In 1965, the Voting Rights Act was passed, prohibiting racial discrimination in voting. An extension of the act – the 26th Amendment giving 18-year-olds the right to vote – was ratified in 1971.

It is not lost on me that these two landmark decisions came about, in large part, because young people spoke out forcefully during the civil rights era about the injustices they observed: the beatings and killings they experienced primarily in the American South as black and white students worked with Martin Luther King Jr.’s Southern Christian Leadership Conference, as well as with the Student Nonviolent Co-ordinating Committee.

Then, the 26th Amendment came about in 1971 because of the hypocrisy of drafting 18-year-olds to fight in Vietnam while at the same time not allowing them to vote for or against the very leaders sending them into battle.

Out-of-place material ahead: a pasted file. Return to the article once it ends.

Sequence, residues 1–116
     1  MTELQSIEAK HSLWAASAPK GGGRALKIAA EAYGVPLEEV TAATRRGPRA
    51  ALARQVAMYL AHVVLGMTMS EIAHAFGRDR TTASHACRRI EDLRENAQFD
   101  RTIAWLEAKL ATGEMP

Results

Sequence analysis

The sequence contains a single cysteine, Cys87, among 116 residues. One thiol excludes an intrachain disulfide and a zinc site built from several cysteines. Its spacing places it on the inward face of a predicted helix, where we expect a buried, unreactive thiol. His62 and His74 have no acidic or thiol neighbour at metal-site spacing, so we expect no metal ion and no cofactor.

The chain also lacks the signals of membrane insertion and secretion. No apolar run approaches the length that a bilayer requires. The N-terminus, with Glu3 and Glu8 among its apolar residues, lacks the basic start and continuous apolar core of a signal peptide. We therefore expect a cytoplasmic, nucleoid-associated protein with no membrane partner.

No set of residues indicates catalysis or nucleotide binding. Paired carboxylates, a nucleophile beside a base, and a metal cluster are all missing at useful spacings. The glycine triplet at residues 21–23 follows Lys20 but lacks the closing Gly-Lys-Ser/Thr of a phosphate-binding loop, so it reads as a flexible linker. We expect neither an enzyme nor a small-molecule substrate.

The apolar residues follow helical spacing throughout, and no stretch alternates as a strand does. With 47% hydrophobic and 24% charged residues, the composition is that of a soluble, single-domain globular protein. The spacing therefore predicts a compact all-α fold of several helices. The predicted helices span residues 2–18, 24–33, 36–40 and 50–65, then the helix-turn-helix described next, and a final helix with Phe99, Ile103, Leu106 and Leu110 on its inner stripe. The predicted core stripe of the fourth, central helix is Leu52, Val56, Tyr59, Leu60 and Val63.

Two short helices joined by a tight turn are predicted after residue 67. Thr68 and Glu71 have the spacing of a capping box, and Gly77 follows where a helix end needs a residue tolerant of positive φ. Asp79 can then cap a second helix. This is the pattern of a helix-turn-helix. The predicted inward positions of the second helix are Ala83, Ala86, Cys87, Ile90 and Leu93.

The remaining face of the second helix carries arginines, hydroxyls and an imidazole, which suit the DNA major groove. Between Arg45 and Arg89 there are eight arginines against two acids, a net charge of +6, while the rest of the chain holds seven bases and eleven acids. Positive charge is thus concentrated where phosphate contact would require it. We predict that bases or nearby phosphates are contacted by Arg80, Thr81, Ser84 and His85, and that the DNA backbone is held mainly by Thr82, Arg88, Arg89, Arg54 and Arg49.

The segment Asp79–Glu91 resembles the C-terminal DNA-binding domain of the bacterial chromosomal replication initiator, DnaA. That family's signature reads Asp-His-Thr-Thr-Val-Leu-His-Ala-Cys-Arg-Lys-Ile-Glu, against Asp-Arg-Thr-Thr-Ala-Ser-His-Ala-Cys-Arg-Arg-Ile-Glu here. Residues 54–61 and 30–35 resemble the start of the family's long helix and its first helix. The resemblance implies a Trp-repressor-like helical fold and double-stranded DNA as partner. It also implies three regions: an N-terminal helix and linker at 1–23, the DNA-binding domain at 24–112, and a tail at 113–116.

In both instances, young people acted fearlessly and spoke with fire and candor. They are speaking out now unequivocally about ending gun violence by banning assault weapons.

And they mean banning assault weapons. Nothing less. They are not parsing legalisms or concerned about voting blocs. They are saying “Enough!” They are being the real grown-ups while we, the supposed grown-ups, fudge around with all kinds of excuses why this or that can’t be done – because of what? We need more data? We need more endless debate?

Other countries have done it and we can’t manage to? That’s not going to fly. The kids are saying to us: “Grow up!”

Nicole d’Entremont

Peaks Island

Only subscribers are eligible to post comments. Please subscribe or to participate in the conversation. Here’s why.

Use the form below to reset your password. When you've submitted your account email, we will send an email with a reset code.